Head to Freelance Switch to read more, and follow the blog at @freelancesw. Doug’s blog is found at Underpants Office.

Have you written about podcasting? Do you have a podcast on your blog? What tips do you have for new podcasters? Leave a comment below with links and your best advice!

Check out the rest of the 12 Days of Blogging:

12 Writers Writing
11 Tweeters Tweeting
10 Guests a-Posting
9 SEOers Optimizing
8 Affiliates Selling
7 Facebook Users Updating
6 Launchers Launching
5 Golden Rules
4 Podcasting Hosts
3 Ebook Tips
2 Ethics Debates
And a Partridge in a Pear Tree (ebook coming soon!)

Dave Hamilton and Jean MacDonald Talk About Podcast Sponsorship


Dave Hamilton and Jean MacDonald as a team for a panel about podcasting is genius, simply because Dave sells ads and Jean buys them. So, attendees got to see the business of podcasting from both sides. I’ve dabbled in podcast with my blog Binge Gamer, but never really thought about monetizing it in any way. For me, this panel was an eye-opener.

Like with all the sessions I’ve been covering while at BlogWorld, there was so much packed into this hour that I can’t possibly convey it all here to you. I highly recommend picking up a virtual ticket to BlogWorld to see the entire discussion. One thing I did want to touch on here that Dave and Jean covered is finding the right sponsor, since this applies to blogs just as it applies to podcasts. It boils down to one rule of thumb:

Do what is right for your listeners (or readers).

Think about the topics you cover. What products or services would you naturally talk about on the show, even if you weren’t being paid for it. Think about your medium. Some things are just better to promote with visuals, while other things are better to promote with a vocal blurb. Think about what your listeners need. Give it to them. This is as important with sponsors as it is with your podcast (or blog) content.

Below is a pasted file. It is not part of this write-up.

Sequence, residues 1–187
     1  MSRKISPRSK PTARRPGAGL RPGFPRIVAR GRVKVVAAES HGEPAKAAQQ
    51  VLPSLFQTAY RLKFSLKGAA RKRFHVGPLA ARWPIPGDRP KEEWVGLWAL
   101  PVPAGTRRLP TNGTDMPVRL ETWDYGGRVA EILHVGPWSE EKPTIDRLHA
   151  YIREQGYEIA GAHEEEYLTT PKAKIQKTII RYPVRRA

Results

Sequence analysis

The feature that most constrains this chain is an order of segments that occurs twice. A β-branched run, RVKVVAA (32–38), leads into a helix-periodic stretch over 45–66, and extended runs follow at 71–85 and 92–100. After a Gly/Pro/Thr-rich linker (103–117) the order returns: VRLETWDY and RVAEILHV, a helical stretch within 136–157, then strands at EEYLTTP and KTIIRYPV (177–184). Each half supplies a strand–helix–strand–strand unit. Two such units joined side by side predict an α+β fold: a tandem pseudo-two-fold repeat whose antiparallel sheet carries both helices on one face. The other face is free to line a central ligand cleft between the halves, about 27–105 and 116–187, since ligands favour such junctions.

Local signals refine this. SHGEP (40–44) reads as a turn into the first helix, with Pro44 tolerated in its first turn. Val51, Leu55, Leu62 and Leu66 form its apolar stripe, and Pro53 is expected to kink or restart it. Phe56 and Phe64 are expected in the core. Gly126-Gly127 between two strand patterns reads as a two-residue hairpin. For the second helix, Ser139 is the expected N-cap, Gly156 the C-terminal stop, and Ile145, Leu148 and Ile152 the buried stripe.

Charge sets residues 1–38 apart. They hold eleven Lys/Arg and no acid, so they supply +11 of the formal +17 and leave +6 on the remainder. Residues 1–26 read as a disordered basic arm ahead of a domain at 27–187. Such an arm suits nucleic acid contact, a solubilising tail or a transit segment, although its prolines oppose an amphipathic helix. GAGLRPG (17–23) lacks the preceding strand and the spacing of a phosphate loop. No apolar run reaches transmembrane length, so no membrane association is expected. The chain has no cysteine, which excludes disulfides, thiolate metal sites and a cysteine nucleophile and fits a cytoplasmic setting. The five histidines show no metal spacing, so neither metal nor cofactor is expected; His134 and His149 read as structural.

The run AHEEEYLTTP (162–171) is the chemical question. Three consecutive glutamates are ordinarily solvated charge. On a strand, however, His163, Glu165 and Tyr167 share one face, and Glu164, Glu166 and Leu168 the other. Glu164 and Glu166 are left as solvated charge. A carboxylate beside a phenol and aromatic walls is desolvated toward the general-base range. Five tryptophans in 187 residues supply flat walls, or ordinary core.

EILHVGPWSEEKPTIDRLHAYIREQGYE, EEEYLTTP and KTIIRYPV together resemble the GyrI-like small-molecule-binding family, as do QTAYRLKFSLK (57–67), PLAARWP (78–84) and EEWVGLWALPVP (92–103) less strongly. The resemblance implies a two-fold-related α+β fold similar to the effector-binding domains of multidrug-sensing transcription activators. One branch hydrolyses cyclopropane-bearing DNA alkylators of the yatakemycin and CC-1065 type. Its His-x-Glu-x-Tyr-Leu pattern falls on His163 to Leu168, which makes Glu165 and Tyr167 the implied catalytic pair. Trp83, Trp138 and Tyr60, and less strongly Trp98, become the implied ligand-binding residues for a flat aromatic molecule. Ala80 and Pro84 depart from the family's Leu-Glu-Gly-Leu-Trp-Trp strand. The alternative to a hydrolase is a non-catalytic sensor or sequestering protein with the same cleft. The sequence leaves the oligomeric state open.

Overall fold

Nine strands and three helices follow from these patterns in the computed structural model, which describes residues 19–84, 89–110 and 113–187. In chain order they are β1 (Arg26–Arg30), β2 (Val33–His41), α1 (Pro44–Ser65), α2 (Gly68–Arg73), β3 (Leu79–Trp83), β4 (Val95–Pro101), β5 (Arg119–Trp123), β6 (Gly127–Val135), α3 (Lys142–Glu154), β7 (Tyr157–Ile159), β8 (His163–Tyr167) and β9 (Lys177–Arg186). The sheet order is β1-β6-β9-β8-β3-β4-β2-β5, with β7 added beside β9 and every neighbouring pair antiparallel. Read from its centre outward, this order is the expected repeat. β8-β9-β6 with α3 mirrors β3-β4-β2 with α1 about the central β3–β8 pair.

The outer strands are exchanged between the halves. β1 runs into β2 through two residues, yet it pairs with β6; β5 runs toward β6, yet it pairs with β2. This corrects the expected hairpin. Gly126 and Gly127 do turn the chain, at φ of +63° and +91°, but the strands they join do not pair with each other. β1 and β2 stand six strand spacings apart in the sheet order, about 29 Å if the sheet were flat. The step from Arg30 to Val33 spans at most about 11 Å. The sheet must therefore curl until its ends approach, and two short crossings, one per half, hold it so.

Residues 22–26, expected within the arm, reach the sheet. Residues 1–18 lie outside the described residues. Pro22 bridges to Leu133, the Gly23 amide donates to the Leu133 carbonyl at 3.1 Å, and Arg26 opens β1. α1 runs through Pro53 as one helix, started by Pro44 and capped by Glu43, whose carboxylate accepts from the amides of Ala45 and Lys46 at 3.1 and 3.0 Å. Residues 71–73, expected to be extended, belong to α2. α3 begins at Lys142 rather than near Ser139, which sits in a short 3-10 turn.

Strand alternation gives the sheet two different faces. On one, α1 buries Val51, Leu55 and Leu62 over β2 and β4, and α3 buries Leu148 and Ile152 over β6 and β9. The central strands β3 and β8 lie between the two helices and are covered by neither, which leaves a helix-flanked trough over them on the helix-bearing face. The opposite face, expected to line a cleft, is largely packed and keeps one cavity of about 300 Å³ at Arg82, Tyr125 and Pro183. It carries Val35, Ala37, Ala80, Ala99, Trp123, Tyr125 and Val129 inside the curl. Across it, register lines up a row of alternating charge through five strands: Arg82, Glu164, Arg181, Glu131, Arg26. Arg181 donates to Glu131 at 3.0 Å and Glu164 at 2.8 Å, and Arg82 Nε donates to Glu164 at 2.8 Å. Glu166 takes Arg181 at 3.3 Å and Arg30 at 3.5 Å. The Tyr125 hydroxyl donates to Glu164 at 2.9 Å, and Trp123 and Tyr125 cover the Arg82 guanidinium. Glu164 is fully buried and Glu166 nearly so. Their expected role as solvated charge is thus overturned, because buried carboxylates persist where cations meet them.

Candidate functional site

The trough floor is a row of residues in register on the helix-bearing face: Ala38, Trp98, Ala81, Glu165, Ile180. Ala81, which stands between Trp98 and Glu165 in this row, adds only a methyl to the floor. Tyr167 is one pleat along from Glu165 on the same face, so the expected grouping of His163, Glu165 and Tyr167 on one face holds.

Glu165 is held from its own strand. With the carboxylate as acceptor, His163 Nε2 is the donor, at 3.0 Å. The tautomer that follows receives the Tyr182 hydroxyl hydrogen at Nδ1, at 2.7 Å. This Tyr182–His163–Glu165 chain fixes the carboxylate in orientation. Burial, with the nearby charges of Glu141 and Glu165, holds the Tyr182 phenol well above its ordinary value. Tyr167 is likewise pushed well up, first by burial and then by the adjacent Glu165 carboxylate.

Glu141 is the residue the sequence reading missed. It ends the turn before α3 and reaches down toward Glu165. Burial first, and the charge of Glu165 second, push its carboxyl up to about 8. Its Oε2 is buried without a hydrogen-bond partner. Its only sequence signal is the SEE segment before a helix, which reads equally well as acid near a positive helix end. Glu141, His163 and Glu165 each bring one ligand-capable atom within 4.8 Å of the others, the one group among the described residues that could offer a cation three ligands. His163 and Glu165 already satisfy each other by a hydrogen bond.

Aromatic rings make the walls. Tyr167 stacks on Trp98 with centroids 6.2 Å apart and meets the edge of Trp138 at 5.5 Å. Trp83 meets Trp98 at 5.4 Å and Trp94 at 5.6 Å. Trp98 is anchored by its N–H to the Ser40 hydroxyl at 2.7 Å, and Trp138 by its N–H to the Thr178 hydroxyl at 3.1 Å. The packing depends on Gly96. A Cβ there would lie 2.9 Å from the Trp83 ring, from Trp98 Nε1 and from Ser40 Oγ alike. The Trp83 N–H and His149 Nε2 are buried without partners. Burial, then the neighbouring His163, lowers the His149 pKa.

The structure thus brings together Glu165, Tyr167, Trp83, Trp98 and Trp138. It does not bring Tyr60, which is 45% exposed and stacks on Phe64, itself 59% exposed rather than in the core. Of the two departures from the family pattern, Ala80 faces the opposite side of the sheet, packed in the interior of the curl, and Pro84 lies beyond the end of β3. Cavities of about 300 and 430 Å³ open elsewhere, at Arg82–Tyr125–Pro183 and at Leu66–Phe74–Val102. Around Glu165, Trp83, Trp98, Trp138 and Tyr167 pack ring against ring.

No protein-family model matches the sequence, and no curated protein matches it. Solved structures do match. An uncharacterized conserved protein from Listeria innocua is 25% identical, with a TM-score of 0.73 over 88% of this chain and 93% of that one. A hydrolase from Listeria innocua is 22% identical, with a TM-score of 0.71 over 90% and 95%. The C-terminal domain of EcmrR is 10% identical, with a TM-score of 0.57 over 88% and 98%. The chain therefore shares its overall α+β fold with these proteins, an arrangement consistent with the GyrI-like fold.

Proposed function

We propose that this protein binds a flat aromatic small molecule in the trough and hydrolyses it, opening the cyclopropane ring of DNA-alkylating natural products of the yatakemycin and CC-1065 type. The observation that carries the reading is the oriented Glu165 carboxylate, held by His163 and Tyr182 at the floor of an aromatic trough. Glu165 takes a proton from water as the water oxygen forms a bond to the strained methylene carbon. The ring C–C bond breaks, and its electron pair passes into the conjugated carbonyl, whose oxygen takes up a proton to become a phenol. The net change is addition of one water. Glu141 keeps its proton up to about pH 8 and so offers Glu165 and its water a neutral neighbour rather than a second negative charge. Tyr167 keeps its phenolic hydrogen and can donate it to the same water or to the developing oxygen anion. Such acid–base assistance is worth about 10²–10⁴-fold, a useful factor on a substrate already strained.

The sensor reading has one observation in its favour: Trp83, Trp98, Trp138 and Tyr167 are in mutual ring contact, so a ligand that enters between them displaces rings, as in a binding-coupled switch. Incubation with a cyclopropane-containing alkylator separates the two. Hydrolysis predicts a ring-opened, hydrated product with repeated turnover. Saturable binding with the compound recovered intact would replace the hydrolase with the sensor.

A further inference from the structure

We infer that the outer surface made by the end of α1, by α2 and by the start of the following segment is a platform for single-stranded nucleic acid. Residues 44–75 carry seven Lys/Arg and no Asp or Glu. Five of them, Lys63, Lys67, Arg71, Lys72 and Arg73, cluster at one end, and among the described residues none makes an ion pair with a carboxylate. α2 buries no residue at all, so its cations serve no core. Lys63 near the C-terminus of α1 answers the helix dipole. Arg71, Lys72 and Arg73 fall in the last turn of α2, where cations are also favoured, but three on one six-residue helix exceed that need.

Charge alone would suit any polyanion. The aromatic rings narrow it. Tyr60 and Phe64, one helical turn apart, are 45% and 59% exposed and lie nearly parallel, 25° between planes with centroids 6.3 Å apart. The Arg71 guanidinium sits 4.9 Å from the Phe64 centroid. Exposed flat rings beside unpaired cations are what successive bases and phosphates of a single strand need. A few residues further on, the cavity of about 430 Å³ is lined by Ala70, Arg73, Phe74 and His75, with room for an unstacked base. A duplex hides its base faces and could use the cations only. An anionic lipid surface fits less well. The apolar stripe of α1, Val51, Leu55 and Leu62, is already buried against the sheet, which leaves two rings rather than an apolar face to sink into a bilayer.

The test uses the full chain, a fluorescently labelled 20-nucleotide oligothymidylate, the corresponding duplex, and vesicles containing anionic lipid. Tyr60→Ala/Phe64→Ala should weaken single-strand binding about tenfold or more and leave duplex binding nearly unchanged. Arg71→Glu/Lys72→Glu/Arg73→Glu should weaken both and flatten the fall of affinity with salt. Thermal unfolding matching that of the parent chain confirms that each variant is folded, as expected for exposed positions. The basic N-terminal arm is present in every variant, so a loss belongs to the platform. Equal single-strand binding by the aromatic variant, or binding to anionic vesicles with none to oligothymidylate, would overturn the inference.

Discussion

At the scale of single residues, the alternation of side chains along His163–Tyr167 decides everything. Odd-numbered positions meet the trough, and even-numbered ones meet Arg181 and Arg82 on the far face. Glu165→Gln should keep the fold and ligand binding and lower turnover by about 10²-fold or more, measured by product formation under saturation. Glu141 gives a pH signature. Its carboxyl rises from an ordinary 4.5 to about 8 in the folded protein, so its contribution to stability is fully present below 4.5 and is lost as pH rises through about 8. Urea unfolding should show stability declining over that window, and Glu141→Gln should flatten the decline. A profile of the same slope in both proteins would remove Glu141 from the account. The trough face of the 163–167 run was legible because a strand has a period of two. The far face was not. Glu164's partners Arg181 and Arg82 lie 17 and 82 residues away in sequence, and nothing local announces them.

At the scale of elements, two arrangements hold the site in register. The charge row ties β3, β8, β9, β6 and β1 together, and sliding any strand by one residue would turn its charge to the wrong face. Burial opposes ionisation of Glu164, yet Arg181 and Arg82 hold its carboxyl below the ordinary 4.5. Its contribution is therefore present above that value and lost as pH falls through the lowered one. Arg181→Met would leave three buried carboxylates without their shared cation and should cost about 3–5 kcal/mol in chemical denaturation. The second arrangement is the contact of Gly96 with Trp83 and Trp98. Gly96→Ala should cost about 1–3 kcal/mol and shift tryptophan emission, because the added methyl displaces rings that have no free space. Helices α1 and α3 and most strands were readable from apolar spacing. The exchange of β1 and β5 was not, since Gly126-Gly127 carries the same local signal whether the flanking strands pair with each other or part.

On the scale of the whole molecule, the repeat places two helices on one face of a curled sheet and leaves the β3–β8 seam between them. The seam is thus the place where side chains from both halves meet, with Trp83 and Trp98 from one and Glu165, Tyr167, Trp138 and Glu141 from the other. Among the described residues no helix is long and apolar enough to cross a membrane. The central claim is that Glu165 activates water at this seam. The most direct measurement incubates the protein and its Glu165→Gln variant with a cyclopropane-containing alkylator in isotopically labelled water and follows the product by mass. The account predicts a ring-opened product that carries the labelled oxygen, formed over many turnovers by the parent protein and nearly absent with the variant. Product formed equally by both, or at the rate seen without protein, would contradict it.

Once you’ve found the right sponsors, getting them to consider your sponsorship package is a lot easier. Identify the sponsors you want and half the battle is already won!

Evergreen vs. Expirable Content: Make them Come Back


BlogWorld 2010 Speaker: Jeffrey Powers
Evergreen vs. Expirable Content: Make them Come Back
Friday October 15, 2010
2:45PM – 3:45PM

@ Tradewinds E&F 7

As a podcaster, I notice a lot of shows I listen to or watch has a clock ticking. The second it’s done it needs to get out the door. News grows stale and within a week, the show will have expired.

Evergreen content is different. It becomes as important 3 months, 1 year or longer as it was the day you created it. When you see your stats on the website, these items will pop up from time to time. Some of them go viral and you get some pretty good traffic because of it.

Jeffrey Powers from Geekazine and Mignon Fogerty of Grammar Girl – Quick and Dirty Tips go through what is Evergreen, what is expirable and even give you some ideas as to how you can use your content to the best of your ability.

Mignon has some great insight on how to re-use content and why scripting is important. Jeffrey will talk about some cool opportunities coming up, including the upcoming HTML5 standard, to put your shows out. Together, they will give you an insight on how to make content people will come for – whether today or 5 years from now.

One thing you might even want to think about: taking your existing content and re-using it for a whole new episode. Jeff will talk more about that at the